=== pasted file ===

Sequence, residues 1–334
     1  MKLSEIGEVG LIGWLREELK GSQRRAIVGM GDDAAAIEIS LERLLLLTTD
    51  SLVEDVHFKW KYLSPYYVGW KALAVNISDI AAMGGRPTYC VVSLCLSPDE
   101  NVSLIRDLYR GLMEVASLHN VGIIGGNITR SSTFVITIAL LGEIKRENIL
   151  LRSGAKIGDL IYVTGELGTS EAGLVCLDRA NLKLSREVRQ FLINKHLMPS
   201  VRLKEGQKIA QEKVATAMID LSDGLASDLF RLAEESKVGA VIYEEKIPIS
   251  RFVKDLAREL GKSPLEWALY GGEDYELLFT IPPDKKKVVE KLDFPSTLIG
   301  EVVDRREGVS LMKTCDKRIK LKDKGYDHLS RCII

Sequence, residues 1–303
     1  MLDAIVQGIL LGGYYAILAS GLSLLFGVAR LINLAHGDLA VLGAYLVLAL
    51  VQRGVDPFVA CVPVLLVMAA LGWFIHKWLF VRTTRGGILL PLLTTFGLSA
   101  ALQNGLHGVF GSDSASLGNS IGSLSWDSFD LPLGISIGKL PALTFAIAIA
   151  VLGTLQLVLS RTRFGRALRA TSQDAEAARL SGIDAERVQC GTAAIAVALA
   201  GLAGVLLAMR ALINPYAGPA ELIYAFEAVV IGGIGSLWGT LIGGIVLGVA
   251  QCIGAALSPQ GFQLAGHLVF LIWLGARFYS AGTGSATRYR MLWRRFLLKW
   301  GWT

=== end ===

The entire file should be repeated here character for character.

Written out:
Sequence, residues 1–334
     1  MKLSEIGEVG LIGWLREELK GSQRRAIVGM GDDAAAIEIS LERLLLLTTD
    51  SLVEDVHFKW KYLSPYYVGW KALAVNISDI AAMGGRPTYC VVSLCLSPDE
   101  NVSLIRDLYR GLMEVASLHN VGIIGGNITR SSTFVITIAL LGEIKRENIL
   151  LRSGAKIGDL IYVTGELGTS EAGLVCLDRA NLKLSREVRQ FLINKHLMPS
   201  VRLKEGQKIA QEKVATAMID LSDGLASDLF RLAEESKVGA VIYEEKIPIS
   251  RFVKDLAREL GKSPLEWALY GGEDYELLFT IPPDKKKVVE KLDFPSTLIG
   301  EVVDRREGVS LMKTCDKRIK LKDKGYDHLS RCII

Sequence, residues 1–303
     1  MLDAIVQGIL LGGYYAILAS GLSLLFGVAR LINLAHGDLA VLGAYLVLAL
    51  VQRGVDPFVA CVPVLLVMAA LGWFIHKWLF VRTTRGGILL PLLTTFGLSA
   101  ALQNGLHGVF GSDSASLGNS IGSLSWDSFD LPLGISIGKL PALTFAIAIA
   151  VLGTLQLVLS RTRFGRALRA TSQDAEAARL SGIDAERVQC GTAAIAVALA
   201  GLAGVLLAMR ALINPYAGPA ELIYAFEAVV IGGIGSLWGT LIGGIVLGVA
   251  QCIGAALSPQ GFQLAGHLVF LIWLGARFYS AGTGSATRYR MLWRRFLLKW
   301  GWT